The Temple of Artemis or Artemision (Greek: Ἀρτεμίσιον; Turkish: Artemis Tapınağı), also known as the Temple of Diana, was a Greek temple dedicated to an ancient, local form of the goddess Artemis (associated with Diana, a Roman goddess). It was located in Ephesus (near the modern town of Selçuk in present-day Turkey).
By 401 AD it had been ruined or destroyed. Only foundations and fragments of the last temple remain at the site.
The earliest version of the temple (a Bronze Age temenos) antedated the Ionic immigration by many years.
Callimachus, in his Hymn to Artemis, attributed it to the Amazons. In the 7th century BC, it was destroyed by a flood. Its reconstruction, in more grandiose form, began around 550 BC, under Chersiphron, the Cretan architect, and his son Metagenes.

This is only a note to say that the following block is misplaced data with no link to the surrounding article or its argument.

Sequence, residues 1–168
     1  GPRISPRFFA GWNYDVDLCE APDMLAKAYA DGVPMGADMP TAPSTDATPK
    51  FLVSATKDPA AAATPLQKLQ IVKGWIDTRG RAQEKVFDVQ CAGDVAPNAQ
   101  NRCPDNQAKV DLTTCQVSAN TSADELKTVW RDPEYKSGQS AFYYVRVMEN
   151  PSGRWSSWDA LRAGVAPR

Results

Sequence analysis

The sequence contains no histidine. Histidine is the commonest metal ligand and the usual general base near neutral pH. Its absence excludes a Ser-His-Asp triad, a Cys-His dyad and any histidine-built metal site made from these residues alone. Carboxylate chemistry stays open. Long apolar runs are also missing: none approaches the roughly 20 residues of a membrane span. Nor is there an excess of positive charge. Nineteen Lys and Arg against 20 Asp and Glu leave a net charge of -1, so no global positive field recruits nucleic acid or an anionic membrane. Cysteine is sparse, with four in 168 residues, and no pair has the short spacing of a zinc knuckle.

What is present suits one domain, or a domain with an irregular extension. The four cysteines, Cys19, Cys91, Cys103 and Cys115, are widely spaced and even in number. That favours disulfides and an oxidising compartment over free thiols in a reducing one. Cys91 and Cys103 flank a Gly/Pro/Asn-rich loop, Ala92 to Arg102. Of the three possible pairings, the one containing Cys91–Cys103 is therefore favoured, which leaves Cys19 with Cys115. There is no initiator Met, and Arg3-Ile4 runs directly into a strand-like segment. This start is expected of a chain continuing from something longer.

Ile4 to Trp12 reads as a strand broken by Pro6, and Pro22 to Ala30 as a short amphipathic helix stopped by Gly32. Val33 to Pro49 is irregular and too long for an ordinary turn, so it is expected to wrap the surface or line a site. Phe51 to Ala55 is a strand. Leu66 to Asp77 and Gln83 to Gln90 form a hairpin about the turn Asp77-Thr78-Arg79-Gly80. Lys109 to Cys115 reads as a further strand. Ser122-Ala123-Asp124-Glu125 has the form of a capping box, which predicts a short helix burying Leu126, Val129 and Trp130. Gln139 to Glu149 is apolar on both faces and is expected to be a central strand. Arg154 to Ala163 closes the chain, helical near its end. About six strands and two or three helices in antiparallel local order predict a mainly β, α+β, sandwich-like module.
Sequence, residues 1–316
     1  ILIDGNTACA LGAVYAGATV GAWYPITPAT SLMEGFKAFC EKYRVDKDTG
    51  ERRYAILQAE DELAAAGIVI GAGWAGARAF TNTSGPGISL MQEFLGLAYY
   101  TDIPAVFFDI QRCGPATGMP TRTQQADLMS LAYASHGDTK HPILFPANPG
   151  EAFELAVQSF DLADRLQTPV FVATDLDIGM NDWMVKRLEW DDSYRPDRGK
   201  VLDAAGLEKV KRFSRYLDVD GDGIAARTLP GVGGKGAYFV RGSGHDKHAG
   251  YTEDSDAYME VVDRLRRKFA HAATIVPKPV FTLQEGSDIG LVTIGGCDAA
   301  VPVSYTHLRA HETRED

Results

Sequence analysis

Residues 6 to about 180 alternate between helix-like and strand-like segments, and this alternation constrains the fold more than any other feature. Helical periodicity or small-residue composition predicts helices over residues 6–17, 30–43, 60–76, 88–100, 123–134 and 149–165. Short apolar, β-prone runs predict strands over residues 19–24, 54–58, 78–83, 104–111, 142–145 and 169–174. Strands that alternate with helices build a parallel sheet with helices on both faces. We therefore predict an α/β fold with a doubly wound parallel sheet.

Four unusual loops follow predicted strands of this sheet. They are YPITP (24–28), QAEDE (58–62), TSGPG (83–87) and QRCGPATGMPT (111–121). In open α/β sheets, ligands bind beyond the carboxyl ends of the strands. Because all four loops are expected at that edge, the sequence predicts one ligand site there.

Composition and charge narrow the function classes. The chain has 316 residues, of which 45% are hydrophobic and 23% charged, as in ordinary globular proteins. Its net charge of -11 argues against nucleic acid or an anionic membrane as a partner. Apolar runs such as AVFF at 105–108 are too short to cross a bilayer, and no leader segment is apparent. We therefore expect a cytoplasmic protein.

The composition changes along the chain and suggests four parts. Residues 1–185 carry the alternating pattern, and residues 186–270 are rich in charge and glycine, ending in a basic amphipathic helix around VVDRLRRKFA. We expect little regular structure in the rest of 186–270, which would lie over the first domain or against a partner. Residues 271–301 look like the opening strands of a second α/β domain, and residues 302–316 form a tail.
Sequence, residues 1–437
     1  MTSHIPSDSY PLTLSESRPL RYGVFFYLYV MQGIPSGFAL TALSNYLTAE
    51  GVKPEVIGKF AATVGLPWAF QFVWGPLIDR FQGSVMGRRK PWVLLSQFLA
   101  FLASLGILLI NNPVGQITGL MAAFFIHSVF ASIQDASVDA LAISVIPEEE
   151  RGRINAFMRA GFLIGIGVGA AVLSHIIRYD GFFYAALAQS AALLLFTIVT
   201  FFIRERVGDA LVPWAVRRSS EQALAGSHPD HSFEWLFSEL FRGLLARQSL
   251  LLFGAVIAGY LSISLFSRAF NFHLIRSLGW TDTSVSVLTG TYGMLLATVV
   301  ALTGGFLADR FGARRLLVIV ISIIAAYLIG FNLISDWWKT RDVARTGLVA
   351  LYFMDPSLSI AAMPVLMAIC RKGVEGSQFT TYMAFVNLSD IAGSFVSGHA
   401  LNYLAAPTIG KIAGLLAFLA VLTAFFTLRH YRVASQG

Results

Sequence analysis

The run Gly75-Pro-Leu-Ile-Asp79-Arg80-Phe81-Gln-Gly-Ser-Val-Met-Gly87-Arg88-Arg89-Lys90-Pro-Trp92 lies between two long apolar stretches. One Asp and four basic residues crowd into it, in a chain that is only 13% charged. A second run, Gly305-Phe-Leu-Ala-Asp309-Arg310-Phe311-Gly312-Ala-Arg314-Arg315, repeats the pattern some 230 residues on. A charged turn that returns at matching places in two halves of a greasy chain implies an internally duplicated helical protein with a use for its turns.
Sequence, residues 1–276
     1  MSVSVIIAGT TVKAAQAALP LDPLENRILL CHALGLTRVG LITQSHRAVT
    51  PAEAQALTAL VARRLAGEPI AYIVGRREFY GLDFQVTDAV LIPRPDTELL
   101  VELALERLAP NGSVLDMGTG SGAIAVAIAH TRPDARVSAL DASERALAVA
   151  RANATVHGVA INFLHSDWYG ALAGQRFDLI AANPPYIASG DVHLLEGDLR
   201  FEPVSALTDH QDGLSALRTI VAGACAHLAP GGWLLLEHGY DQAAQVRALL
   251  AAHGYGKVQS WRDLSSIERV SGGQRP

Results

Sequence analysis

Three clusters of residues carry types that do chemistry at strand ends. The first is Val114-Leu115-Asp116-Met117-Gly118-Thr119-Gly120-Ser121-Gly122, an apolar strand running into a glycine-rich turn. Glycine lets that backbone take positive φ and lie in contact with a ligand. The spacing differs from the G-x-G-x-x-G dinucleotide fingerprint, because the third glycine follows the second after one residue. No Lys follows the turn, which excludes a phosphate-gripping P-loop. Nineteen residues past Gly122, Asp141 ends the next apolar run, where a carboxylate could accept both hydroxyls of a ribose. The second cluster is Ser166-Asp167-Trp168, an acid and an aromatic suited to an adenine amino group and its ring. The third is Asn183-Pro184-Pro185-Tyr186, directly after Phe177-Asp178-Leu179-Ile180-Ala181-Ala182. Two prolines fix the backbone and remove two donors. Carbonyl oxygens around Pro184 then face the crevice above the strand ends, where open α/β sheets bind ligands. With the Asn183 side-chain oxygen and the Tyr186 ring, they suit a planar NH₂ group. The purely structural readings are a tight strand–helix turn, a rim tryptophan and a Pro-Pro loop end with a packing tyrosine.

The project was funded by Croesus of Lydia, and took 10 years to complete.
This version of the temple was destroyed in 356 BC by Herostratus in an act of arson.
The next, greatest, and last form of the temple, funded by the Ephesians themselves, is described in Antipater of Sidon's list of the world's Seven Wonders:
I have set eyes on the wall of lofty Babylon on which is a road for chariots, and the statue of Zeus by the Alpheus, and the hanging gardens, and the colossus of the Sun, and the huge labour of the high pyramids, and the vast tomb of Mausolus; but when I saw the house of Artemis that mounted to the clouds, those other marvels lost their brilliancy, and I said, "Lo, apart from Olympus, the Sun never looked on aught so grand".